After a while we were moved to a village called ‘Dhampus’. But there was no village in sight. Dhampus was all mountains and valleys providing a great back-drop all around. Reaching here was very tedious. Fali Saab was on a pony because the climb was rocky and very steep. When he reached up, he was panting very heavily and looked mortally scared. I was quizzical. He kept his hand on my shoulder for support and said leaning heavily, ‘Aaj Main Bach Gaya’. He told me that his pony had stumbled and slipped on some loose rocks. So he got off the pony and had to walk up a part of the climb. Fali Saab was nearly 6ft tall and was a very heavy man too. He had health problems associated with being over weight, like diabetes. He used to be careful about his diet. Although Dev Saab trusted and needed him totally, I would still think, it was very bold of him to come and shoot in a place like this.
Next to a heavy set frame of Fali Saab, Arri-IIC camera looked insignificant. One night during the lighting of a shot Fali Saab saw a pretty foreigner chatting with Dev Saab. With a smile he called me by his side and started looking here and there. He took out a small comb from his hip pocket and combing his hair he casually mumbled to me ‘Dev Ke Saath Woh Chhokri Kaun Hai (who is that chick with Dev)?’ I said, ‘Koi Jouranalist Hai Fali Saab (she is a journalist)’. He said, ‘Achchhi Hai (she is pretty). Dev Ko Kahan Se Milti Hain Itni?’ I was enjoying the trust that was building between me and a very celebrated senior technician.
Later everyday after shooting in Mehboob studios, he would give me a lift in his Mercedes or Nadira in her Triumph. On some occasions they even waited and looked for me too, if I was late. Fali Saab had also started sharing some semi dirty jokes with me. He would laugh heartily after telling one. He also shared some of his private past with me. He once took me to a Parsi lady’s home in Bandra for a cup of tea. After we left he told me in his car that she was his ex-girl friend. He bragged to me once about a big heroine coming to his hotel room.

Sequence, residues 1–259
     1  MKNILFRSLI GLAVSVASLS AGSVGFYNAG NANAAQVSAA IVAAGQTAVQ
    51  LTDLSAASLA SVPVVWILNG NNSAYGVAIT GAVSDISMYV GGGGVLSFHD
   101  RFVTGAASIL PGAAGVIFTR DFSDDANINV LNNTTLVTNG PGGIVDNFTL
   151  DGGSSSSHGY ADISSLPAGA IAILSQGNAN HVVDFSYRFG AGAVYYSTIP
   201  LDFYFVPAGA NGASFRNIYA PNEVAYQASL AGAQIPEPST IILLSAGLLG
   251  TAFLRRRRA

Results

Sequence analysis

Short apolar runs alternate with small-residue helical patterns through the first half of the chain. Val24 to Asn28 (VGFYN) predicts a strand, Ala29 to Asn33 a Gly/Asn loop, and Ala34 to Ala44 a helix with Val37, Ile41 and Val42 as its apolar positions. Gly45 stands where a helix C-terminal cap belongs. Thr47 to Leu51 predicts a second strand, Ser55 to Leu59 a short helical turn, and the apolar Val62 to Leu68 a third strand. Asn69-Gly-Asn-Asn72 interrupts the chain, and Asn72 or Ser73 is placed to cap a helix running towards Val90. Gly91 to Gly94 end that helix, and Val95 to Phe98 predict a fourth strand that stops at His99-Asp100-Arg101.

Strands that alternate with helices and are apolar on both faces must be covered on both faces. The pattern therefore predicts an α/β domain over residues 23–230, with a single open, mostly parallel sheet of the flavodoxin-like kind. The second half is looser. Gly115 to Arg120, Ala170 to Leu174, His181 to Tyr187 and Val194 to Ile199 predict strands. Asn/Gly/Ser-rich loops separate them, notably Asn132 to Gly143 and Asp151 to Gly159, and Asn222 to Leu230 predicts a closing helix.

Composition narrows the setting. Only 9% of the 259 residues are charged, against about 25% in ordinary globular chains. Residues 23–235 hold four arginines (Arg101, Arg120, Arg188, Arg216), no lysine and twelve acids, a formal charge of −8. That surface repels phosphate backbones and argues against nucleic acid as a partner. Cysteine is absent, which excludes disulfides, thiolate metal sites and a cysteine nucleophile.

Fali Saab had an assistant called S R Dabholkar (no more now). In Dhampus I had a massive fight with him. He tried to act smart with me when I was in my tent and 4 drinks high. That was a big mistake he made. I screamed and hurled abuses at him. After the fight he went away and I ended up drinking almost an entire bottle of rum – neat. That still stands as is my record binge. Next day during the shooting of the song ‘Chal Saathi Chal’, Fali Saab told me that I had gone way out of control and Dev too was listening to your screaming. I must have felt bad for it, but nothing could be done then. In Dhampus the sun would go behind mountains very early. And because of slower film speed, it was difficult to get right exposure. But the light would be enough to play ‘Gulli Danda’. Our carpenters had made Gulli Danda from a little branch of a tree. So I along with few light boys and Vijay-Oscar would play our hearts out to an audience of Dev Saab, Zeenat and Fali Saab with other staff.
All of us had to wake up very early for a ticklish reason; to make potty in outdoors. I remember one dark morning I was headed towards a bush in the dark when I noticed a figure resembling Zeenat. I of course promptly changed my direction to find another bush. One evening on this location would go down in my life as extra special. We all sat around a small fire and everyone managed to convince Dev Saab to sing something for us. Without much fuss he sang ‘Jahan Mein Aisa Kaun Hai’ by Asha Bhonsle from ‘Hum Dono’. He sang very well. It has been my favorite song since then.